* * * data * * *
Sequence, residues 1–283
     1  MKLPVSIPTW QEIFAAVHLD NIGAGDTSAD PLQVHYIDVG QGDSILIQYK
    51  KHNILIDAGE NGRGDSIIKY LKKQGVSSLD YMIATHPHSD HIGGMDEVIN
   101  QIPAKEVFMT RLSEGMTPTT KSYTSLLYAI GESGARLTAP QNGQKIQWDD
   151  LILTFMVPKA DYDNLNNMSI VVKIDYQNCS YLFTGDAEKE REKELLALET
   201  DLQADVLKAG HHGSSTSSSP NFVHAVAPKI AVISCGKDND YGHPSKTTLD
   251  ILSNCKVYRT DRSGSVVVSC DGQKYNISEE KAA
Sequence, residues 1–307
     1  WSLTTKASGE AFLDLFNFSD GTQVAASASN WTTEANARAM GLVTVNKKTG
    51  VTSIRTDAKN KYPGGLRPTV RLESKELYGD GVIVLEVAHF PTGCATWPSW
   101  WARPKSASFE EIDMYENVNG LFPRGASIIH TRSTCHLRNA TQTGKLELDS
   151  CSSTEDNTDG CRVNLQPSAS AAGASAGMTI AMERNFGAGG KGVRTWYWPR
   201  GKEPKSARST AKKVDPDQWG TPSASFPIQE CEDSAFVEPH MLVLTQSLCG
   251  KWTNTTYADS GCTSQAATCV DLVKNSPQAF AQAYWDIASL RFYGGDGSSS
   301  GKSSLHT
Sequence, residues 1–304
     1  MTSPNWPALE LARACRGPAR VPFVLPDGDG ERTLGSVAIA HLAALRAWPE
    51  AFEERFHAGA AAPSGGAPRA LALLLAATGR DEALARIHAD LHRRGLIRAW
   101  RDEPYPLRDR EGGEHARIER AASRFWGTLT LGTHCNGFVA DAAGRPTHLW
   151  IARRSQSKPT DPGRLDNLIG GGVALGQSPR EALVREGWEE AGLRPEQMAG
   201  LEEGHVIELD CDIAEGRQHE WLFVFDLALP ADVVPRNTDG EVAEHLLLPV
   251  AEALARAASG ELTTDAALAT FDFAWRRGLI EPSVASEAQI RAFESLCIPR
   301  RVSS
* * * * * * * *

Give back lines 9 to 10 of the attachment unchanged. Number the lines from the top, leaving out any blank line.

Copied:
     1  WSLTTKASGE AFLDLFNFSD GTQVAASASN WTTEANARAM GLVTVNKKTG
    51  VTSIRTDAKN KYPGGLRPTV RLESKELYGD GVIVLEVAHF PTGCATWPSW